Skills for Communicating with Patients

Skills for Communicating with Patients, Second Edition


Dr. Jonathan Silverman

Dr. Suzanne Kurtz

Dr. Juliet Draper

Five Stars!


This has been the most helpful book I have read from the Veterinary Economics 25 Books List. It is an excellent communication book written for MD’s, though the authors have worked with veterinarians too, which I thought was cool.

It is a medical school textbook, and it took me FOREVER to read! SO worth it though. And I am pretty sure I drug my heels a bit in finishing it, because now that it is over, my project is over. *sniff* I am not ready for that! My next two posts will be a SUMMARY of the project and “Bunny Trails” that is, books I have decided to read during this reading project. So maybe it is not over…maybe it is the beginning of a whole new chapter of reading awesomeness…

Anyways, this book, Skills for Communicating with Patients, was SO good. It is directed towards medical doctors, but was not even a stretch to apply to my own veterinary practice. In fact, while I was reading the book, I found myself applying what I was learning and communicating even more clearly with clients. That is when reading really gets exciting, people!

I am an extreme introvert, so it is sometimes assumed that I suck at communicating, but I think my introversion is, in fact, an asset in my practice. Listening and empathy come naturally to me, and though I am awkward in all sorts of unfamiliar social situations,* I really, really enjoy and feel confident going over medical information with clients…so it feels good to read about and improve at something I already love to do.

The book goes way beyond the “active listening” I learned in college communications classes, and covers in great detail the entire medical interview, with wonderful examples and exhaustive research to support the authors’ recommendations.

I feel as though the more I can grasp of what is taught in this book, the better communicator I can become. Very important, of course, when the lives and well-being of pets are at stake, but important for us all in any situation. So even if you are in a non-medical career, you may very well enjoy this book!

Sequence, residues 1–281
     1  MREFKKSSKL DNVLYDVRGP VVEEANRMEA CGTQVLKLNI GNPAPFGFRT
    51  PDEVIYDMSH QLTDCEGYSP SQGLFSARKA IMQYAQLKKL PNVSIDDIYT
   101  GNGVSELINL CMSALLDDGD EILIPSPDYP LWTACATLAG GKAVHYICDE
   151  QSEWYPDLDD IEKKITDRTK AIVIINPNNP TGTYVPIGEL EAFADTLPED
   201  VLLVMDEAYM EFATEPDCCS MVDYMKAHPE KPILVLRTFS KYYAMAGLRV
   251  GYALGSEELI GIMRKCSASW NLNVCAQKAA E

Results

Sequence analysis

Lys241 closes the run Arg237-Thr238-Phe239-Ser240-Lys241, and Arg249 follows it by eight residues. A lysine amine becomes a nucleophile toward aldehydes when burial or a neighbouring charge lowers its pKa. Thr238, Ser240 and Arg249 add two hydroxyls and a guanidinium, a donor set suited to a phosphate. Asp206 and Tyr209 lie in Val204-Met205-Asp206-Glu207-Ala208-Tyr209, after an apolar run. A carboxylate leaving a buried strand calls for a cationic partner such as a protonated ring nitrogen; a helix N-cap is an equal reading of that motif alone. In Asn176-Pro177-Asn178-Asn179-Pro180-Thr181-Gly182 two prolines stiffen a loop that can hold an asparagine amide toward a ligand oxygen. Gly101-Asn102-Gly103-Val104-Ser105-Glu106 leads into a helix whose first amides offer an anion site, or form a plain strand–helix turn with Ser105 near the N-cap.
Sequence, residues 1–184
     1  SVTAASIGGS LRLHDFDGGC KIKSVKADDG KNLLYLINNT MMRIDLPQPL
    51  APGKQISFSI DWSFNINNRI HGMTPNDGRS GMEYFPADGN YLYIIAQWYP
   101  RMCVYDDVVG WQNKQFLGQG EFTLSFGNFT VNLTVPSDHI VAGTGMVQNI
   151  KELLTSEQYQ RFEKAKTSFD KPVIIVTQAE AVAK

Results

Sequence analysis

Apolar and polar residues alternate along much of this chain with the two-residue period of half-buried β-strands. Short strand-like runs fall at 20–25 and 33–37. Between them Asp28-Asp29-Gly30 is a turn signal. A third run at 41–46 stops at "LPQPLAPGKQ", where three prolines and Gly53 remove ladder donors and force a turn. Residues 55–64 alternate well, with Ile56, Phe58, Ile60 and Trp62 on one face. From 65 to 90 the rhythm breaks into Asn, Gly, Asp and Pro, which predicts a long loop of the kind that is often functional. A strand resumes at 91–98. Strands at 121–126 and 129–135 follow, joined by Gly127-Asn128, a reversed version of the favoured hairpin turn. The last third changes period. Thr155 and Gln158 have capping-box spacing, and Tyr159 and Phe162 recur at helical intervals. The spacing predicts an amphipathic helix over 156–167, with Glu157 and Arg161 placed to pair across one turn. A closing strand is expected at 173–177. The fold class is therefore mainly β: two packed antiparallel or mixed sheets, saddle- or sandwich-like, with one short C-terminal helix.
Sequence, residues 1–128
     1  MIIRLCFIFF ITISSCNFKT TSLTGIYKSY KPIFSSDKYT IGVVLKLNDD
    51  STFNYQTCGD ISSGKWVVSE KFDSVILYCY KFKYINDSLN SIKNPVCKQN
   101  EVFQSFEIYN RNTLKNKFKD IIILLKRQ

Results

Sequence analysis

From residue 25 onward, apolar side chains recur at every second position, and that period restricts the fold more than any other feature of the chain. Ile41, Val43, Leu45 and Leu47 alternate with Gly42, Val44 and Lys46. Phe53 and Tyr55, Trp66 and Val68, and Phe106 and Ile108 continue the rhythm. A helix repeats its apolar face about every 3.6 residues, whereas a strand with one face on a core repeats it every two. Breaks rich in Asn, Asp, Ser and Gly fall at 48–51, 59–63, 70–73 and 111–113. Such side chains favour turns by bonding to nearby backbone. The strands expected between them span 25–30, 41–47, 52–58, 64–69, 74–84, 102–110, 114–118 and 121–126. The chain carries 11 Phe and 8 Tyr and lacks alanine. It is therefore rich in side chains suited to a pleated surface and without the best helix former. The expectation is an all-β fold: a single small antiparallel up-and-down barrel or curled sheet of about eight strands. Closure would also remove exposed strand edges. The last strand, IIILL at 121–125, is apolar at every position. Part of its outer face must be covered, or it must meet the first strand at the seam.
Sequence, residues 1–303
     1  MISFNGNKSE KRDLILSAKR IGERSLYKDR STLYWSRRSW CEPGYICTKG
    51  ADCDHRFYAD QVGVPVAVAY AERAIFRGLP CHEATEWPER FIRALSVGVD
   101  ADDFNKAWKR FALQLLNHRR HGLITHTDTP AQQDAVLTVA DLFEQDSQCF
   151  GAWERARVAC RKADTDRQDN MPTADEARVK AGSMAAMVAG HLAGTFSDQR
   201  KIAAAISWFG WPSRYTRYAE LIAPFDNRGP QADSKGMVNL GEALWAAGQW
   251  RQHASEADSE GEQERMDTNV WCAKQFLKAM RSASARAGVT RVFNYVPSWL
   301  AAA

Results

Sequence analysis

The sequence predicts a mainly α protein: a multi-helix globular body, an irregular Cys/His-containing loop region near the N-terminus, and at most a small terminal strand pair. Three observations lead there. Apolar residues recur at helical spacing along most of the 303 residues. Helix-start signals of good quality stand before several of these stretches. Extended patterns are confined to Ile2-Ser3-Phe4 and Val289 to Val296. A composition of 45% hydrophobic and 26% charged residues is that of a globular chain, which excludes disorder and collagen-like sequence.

The Cover: I love the cover of the second edition – very pretty…blue and yellow with a neat splotchy pattern.

I am already a fourth of the way through the book a second time, this time with a very bright yellow Sharpie highlighter. It really does feel like I am back in school! In a good way…

Bunny Trails: This book is one of a two volume set. I plan on obtaining and reading Teaching and Learning Communication Skills in Medicine as soon as possible. Not that I ever want to teach this stuff, at least not formally, but I feel as though I am missing “half the story,” as that book was often referenced in this one, and more importantly, after reading Skills for Communicating with Patients, I do not want to miss anything any of these three authors write!

More Bunny Trails: I heard a wild rumor that there were veterinary communication classes being taught in Colorado…I would very much like to find out what that is all about. Classes that are anything like this book sound very fun. I don’t think they are related, or taught by the authors, but I will find out, and then you can come with me!

*That is social awkwardness, not introversion, people! There are very cool introverts – I just do not happen to be one of them! Also, I always throw myself into new situations anyways, because it is always worth it, and I always end up having a great time. The first ten minutes can be a little rough! ;)


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